In a recent light-hearted debate, Joe and I were talking about rules and how they apply to Talan and Tessa. It will come as no surprise to you that I view them both as equals and want to maintain consistency to the letter when disciplining them. I feel like I do this within the realm of cultural norms. For example, Tessa must wear a shirt when playing, but I don’t make Talan. Tessa wears dresses a lot, but Talan doesn’t. But I’ve never restricted the toys they play with or the activities they enjoy as “boy” or “girl” activities. Talan doesn’t take gymnastics because when I offered, he shrugged and said, “If I want to do a flip, I’ll do one; I don’t need a class.” Problem solved. Tessa doesn’t go hunting because when I told her it involved being cold and quiet, she responded with a “No thanks!”
What I’m finding is that rules are very different than activities. Rules are usually based on a concern for safety, and I’m discovering that the world worries for the concern of females more than males, and what I read into this is that the world says women require more protection because they are weak. This ignited a fiery feminism within me that I don’t think my natural care-taker and protector husband was prepared for. The supposed situation we were looking at was unsupervised activities when the kids are teenagers. (Thank goodness we’ve got some time to settle this because we aren’t near agreement yet!) I say these are a bad idea because they’re our kids, and we love them and don’t want them in harm’s way. Joe says Tessa can only attend with Talan’s supervision because she’s a girl and girls are more vulnerable to danger. And while I know he meant what he said lovingly, what I HEARD was, “It’s fine to be unsupervised…..unless you have a vagina.”
From my standpoint, you protect people because you love them, not because they’re weak. And Joe and I agree to disagree on so many things that we’ll take it a case at a time. And parenting isn’t COMPLETELY what this post is about…. I’ll get to the heart of the matter now.
I took my argument to social media with a lighthearted lol and winky face, and found that (while there are some people on my side), there is also the idea out there that I must treat Tessa differently so that she can become a “lady.” This got me thinking about what it means to be a lady. I considered the women I look up to and the characteristics that make them great. I then did my research into what it means to be “lady-like.” What I found is that you can’t have it both ways. I do not want my daughter to be a lady.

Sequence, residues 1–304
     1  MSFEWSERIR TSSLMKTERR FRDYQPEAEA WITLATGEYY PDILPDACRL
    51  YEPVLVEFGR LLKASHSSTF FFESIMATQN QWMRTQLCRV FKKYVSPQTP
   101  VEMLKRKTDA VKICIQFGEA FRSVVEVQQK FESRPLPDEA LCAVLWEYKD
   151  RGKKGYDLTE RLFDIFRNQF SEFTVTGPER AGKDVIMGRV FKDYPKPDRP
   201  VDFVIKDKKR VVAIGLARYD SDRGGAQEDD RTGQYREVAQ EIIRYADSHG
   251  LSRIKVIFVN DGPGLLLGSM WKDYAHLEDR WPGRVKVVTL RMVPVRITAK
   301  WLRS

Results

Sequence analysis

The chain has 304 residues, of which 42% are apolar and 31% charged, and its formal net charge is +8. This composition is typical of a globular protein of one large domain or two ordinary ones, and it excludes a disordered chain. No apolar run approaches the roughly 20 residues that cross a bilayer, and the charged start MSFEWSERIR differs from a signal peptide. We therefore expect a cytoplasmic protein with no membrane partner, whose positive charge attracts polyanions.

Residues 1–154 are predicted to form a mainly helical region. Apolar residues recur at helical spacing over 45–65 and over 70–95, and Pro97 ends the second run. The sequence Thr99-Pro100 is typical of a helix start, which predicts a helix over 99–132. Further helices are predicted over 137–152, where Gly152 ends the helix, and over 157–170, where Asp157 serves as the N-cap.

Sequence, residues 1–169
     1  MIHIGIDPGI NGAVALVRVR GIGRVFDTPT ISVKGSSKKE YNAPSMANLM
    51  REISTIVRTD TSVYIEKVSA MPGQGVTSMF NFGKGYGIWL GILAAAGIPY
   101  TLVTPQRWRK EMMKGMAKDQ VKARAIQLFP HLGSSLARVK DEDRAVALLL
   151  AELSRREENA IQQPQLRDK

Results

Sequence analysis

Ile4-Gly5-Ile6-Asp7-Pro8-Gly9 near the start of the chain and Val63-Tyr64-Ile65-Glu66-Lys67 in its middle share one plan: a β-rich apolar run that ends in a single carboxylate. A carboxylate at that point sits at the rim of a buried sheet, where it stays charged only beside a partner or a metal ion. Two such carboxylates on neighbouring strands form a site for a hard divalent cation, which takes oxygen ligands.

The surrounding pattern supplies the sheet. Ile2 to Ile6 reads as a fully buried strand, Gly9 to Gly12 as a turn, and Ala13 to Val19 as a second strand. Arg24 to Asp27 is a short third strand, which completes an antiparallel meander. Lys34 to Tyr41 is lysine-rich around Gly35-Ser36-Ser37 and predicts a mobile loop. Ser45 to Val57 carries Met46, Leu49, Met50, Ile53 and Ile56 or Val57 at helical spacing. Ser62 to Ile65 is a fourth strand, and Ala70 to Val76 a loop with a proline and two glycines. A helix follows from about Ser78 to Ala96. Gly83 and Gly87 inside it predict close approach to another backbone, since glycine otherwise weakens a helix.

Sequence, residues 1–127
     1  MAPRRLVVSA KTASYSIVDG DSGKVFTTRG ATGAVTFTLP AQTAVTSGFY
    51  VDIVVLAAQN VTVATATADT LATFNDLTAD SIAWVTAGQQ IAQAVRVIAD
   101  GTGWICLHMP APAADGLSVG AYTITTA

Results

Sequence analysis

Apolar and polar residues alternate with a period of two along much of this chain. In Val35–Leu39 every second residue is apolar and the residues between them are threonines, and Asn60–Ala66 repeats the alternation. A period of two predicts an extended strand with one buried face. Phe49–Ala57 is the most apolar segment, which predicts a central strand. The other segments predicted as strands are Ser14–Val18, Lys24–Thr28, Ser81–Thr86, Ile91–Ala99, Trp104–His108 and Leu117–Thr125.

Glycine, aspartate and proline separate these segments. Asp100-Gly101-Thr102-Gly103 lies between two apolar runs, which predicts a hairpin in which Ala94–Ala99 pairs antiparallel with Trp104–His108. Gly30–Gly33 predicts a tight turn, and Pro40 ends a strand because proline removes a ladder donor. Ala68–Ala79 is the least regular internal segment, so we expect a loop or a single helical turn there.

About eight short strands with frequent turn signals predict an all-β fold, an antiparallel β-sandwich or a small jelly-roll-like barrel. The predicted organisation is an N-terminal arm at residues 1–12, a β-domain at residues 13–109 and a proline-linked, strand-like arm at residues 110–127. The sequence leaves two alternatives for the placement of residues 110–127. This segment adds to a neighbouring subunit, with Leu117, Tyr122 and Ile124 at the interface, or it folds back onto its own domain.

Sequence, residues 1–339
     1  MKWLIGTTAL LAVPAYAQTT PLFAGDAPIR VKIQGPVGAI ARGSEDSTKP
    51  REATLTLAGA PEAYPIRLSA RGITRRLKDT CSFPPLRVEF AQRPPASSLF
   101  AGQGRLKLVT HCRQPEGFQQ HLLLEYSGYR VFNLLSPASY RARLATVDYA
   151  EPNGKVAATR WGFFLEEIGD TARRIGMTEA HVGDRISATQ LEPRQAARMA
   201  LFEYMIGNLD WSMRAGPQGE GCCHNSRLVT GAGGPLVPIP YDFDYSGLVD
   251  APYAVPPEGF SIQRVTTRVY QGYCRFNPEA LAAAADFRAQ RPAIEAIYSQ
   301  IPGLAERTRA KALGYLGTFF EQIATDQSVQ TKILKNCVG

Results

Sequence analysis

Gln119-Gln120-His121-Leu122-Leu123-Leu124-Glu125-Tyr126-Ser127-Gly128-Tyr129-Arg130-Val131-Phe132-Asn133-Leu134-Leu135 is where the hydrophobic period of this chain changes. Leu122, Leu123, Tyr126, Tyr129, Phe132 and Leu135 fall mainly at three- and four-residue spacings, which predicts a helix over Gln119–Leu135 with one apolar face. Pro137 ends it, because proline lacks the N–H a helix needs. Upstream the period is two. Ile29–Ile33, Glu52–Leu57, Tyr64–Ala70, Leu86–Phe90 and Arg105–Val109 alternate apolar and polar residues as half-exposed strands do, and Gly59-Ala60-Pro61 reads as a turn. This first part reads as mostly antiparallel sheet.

The women I admire are educated, quick-witted, determined, and strong. They are loyal to their friends and families and do their jobs better than anyone else could. They will correct you if you’re wrong and they fight for what is right. They are polite, kind, fair, and generous. But would I put any one of them in the box of being “ladylike?” I wouldn’t dare. Because they’re more than society’s view of femininity. They’re great by any standards, not because they’re great WOMEN, but because they’re great PEOPLE.
For the most part, what I found when researching “ladyhood” was that it means being elegant, courteous, and respecting one’s self and others. Being elegant, in my mind, has its time and place–usually the senior prom, pageants, weddings. But courtesy and respect are not gender specific, people. If you want your daughter to be a LADY because it means making good choices and having respect, are those not valuable attribute we want for our sons too? Or can they be rude and disrespectful and have it excused by their gender? Of course not!
Plus, LADY seems to be a really divisive term. It divides women from men, AND divides women from other women. The idea that a woman has these social restrictions to make her “ladylike” but men can be total hooligans isn’t equality; it’s the 1800s. Then, the idea that women who are ladies are somehow better than other women is medieval. Women are women, they aren’t all the same, and they can be great without being boxed in by a term that shouldn’t just apply to them, it should apply to EVERYONE.
Do I want Tessa to be smart and safe? Sure. Because she’s my CHILD, not because she’s my DAUGHTER. Do I want her to be respectful and kind? Absolutely because that is what’s expected for great people, not for “ladies.” But what I don’t want is for her to EVER feel like she is weak because of her gender. She will not be restricted because of someone else’s definition of what it means to be feminine or to be great. The things I want for her — security, happiness, respect, courage, strength, laughter….. Those know no gender.